With this knowledge, the story of how we came to be here
emerges under a new light.

This story begins when a single point of near-infinite quantum
density saw an inflammatory kick in pressure that released the
energy of the BIG BANG!

As it cooled, it gave rise to hydrogen and helium atoms, the
gravitational fields of these atoms drew them together into
clouds that amassed over millions of years.

The growing friction and compaction saw the birth of the
first stars illuminating the universe.

Inside these stars hydrogen atoms (1 proton) were fused to
form helium (2 protons).

Helium atoms fused together to form heavier atoms.

Through a cosmic cycle of birth and explosive death, bigger stars were formed that could fuse even more protons into atoms up until iron, which has 26.

Heavier elements, such as gold, could not be fused even in the hearts of the biggest stars.

Instead they needed a supernova, a stellar explosion large enough
to outshine a galaxy and produce more energy in a few weeks than
our sun will produce in its entire lifetime.

The next time you look at the gold in your jewelery, you can
remind yourself you are wearing debris of a supernova exploded
in the depths of space.

You can remind yourself such stellar fusions and explosions
produced all the elements in the universe, including the carbon,
oxygen, nitrogen, hydrogen, calcium, phosphorus and other atoms
our bodies are constructed of.

We ourselves are made of Big Bang debris … we are made
of the same dust as the stars.

It’s filtered through iterations of cosmic evolution that saw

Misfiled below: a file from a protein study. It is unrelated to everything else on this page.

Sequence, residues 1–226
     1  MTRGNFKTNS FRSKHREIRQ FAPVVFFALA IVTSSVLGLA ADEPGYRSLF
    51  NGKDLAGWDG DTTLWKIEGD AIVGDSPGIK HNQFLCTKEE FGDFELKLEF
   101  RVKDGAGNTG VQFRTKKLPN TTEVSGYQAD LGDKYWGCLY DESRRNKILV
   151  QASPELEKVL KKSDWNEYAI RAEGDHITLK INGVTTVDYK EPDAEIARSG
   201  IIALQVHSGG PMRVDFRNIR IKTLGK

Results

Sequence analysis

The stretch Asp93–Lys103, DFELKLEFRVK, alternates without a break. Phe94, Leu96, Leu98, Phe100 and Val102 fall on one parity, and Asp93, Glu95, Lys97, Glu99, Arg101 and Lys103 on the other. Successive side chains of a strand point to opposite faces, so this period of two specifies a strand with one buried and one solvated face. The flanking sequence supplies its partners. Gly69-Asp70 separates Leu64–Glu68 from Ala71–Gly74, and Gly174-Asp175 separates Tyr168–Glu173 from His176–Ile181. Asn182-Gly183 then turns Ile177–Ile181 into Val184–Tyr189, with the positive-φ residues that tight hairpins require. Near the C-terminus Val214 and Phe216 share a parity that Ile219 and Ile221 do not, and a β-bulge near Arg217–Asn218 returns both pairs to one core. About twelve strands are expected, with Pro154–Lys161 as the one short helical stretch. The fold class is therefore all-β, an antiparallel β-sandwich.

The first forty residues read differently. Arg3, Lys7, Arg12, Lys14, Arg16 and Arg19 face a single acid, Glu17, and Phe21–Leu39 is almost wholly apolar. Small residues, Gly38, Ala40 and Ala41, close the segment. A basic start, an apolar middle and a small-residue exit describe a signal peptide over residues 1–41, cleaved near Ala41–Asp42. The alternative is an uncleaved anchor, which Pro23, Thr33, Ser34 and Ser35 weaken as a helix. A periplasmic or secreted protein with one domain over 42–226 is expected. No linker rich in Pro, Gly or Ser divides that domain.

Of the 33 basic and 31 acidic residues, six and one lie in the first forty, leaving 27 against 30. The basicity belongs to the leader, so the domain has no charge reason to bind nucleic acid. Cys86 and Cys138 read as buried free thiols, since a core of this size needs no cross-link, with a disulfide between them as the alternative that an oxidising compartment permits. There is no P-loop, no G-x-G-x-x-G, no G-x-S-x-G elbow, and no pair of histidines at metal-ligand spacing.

the emergence of our galaxy, solar system and planet from
which the LUA and all the species came and went.

This almost magical sounding story of what happens when
hydrogen is left alone to be governed only by the laws
of nature for 13.8 billion years is much like its contents in
the story itself — CONSTANTLY EVOLVING.

We are part of an ongoing cosmic evolutionary process.

Every atom in our bodies was forged in the death throes of stars.

We share DNA with all life on Earth: from trees in a rainforest
to fungi in the Cornish soil.

The woman across the road or a dog you crossed in the park.

Despite the cultural inertia of anthropocentrism-based science,
we are not separate.


When we reposition our perspective it sheds new light on what
it means to be human.

It is not all about us.

It is about something much larger — something we are a part of.

We can at all times be guided by two well-established pieces of
advice that, from an eco-centric perspective, take on greater
significance: “know thyself” and “to thine own self be true.”

To take our first steps then, let us look at ourselves, our planet and
the life upon it as well as the cosmos of all we have discovered and
ask: what is it to be human and how do we live as a result?

Rob Plastow lives by the sea in Cornwall with his Wife. Central
to his writing is a critical, ecocentric perspective that has been
developed from a deep love of art and science and years of working
in music, education and muddy fields.